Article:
While more LGBTQ characters are part of genre television shows today, it definitely wasn’t always that way.
One of the pioneers in this area was Buffy the Vampire Slayer, which outed Buffy’s best friend Willow Rosenberg (Alyson Hannigan) as gay in 1999 when she entered into a long term relationship with fellow witch Tara, played by Amber Benson. This positive portrayal came to an abrupt and shocking end when Tara was murdered by a stray bullet in season six, leading her girlfriend Willow on a dark downward spiral of magical destruction.
Sixteen years later, Buffy co-producer and writer Marti Noxon, who is currently working on the AMC series Dietland, has voiced some regrets about killing Tara and ending one of TV’s most pioneering lesbian relationships in tragedy. Speaking with Vulture, Noxon said “I think that killing Tara was – in retrospect, of all the people, did she have to die?” She also laments some of the darker choices she brought forth with Buffy herself, saying “There were parts of season six where I feel we went too far.”
Season six was divisive with many fans angry over the darker tone. Nevertheless, from a storytelling standpoint, it all still plays out perfectly, at least for this Buffy superfan. For Willow to lose control and go full villain, she had to lose something that meant everything to her, and that was Tara. It wouldn’t have been enough for Tara to get injured, because she was gravely injured by the goddess Glory in season five, and Willow didn’t lose control. The question then becomes “do you give in to what the story calls for, or do you keep that relationship because it makes the viewers feel validated?” And there’s no easy answer.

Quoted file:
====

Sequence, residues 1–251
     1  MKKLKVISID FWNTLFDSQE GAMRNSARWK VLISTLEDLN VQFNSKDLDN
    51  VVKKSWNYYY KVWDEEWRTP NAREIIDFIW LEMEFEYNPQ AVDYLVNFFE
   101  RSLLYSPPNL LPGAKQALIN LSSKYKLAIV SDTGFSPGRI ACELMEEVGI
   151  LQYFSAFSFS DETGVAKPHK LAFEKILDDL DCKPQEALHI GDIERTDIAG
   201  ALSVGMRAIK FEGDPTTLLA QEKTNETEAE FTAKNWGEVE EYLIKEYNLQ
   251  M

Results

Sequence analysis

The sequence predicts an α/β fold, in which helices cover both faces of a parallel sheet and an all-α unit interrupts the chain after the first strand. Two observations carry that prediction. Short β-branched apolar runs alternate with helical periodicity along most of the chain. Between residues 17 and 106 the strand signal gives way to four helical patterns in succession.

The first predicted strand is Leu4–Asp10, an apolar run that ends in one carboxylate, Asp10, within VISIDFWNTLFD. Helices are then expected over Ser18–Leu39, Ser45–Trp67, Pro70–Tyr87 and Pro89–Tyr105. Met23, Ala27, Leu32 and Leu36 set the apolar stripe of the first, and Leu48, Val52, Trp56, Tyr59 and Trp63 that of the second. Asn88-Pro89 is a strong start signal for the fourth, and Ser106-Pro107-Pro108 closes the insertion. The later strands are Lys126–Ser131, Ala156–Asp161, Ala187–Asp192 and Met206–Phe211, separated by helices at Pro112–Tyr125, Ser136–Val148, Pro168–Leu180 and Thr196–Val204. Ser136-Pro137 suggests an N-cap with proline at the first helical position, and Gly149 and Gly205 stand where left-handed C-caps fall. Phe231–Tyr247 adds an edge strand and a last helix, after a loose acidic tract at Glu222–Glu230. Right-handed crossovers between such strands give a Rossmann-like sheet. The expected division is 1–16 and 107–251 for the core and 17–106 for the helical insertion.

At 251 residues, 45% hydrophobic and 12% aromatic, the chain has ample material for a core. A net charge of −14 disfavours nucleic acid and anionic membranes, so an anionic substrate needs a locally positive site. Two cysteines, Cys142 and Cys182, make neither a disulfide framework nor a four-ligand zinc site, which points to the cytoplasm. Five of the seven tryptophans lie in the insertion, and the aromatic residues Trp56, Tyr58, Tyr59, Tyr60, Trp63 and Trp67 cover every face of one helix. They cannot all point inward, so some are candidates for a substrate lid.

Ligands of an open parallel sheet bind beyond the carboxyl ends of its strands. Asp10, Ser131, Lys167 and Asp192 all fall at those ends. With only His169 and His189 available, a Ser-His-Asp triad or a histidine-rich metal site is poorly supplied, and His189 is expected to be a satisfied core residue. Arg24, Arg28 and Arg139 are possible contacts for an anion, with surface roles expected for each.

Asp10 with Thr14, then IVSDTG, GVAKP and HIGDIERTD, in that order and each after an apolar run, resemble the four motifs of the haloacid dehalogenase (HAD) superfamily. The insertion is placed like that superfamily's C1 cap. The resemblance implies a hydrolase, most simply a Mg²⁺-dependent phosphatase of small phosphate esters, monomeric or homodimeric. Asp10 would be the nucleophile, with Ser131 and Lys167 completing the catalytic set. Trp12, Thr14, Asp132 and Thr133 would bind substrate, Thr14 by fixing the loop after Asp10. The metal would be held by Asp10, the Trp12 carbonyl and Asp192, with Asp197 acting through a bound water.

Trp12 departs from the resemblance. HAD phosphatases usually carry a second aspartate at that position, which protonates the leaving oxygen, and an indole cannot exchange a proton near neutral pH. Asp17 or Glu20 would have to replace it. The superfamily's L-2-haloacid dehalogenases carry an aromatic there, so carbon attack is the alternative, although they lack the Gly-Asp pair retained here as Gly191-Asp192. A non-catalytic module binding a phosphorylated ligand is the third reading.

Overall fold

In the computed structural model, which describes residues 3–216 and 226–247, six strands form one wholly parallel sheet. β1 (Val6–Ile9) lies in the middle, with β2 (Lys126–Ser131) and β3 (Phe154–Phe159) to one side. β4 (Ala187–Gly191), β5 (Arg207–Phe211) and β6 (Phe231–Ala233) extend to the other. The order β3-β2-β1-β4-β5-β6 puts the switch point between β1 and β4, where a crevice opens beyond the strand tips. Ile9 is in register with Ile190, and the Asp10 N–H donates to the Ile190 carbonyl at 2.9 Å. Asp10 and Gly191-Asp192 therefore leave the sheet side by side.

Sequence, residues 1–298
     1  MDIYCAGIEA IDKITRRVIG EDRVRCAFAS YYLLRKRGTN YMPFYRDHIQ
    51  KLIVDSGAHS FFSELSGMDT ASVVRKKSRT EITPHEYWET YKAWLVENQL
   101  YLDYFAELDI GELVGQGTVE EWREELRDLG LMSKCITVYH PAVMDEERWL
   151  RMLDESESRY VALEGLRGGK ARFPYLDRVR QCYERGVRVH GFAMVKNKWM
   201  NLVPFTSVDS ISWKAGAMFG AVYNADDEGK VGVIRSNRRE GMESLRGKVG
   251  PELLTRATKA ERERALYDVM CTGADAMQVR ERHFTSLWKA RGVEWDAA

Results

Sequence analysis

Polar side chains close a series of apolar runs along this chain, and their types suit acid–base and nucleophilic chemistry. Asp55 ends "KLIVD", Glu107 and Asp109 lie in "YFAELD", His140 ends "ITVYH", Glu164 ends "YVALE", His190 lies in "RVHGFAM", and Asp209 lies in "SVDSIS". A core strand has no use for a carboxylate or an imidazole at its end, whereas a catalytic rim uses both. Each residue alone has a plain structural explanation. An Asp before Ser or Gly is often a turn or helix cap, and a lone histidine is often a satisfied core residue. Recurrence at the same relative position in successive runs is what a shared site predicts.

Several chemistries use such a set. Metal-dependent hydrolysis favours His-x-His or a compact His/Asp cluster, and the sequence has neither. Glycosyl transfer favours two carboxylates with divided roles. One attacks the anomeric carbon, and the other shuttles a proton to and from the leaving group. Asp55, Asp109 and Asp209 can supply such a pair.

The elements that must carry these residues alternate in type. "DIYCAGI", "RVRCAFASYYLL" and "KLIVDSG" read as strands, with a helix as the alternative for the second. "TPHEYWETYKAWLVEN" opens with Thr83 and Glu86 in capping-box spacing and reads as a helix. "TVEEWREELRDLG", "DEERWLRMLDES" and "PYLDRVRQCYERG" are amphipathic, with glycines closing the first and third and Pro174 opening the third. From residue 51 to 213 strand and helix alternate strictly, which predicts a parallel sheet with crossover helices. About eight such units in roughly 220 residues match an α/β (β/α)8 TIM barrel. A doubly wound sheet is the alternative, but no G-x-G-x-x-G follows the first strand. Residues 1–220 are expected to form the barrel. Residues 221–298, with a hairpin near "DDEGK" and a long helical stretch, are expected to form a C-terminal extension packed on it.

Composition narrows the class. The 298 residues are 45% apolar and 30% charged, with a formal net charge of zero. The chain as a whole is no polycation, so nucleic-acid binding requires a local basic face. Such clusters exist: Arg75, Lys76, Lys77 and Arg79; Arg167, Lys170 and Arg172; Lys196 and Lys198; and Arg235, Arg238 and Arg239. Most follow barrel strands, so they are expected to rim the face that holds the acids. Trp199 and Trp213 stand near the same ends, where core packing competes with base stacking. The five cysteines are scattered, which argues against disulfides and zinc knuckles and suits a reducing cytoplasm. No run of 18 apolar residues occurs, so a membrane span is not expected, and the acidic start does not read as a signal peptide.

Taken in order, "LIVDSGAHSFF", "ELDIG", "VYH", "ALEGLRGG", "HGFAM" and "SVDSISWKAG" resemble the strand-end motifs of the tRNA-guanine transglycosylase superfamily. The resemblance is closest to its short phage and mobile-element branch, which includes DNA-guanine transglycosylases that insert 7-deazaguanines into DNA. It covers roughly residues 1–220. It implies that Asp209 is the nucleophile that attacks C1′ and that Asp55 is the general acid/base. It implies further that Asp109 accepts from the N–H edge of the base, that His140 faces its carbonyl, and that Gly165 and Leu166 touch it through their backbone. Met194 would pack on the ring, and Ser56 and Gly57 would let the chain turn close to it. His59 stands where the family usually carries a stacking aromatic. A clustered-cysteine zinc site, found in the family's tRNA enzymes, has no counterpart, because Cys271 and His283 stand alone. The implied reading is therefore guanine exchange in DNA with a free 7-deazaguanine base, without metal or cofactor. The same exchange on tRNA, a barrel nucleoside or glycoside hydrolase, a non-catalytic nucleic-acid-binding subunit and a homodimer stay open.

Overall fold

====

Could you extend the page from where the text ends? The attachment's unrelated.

Interestingly, it seems creator Joss Whedon did have regrets over killing off Tara as soon as the next season. He planned an episode in which Buffy, after having undergone some kind of mystical trial, would have just one life altering wish of hers granted. She would then spend much of the episode considering a number of options, like restoring Angel’s soul, etc., until she decided to bring Tara back to life on the anniversary of her death. Unfortunately, Amber Benson wasn’t available for filming, so those plans were scrapped. While fans would have been elated, it might not have made sense for Buffy of all people to do this. After her trauma of returning from heaven, would she inflict that same pain on a good friend?
How do you feel all these years later about this storyline? Be sure to chime in below in the comments.
Images: Twentieth Century Fox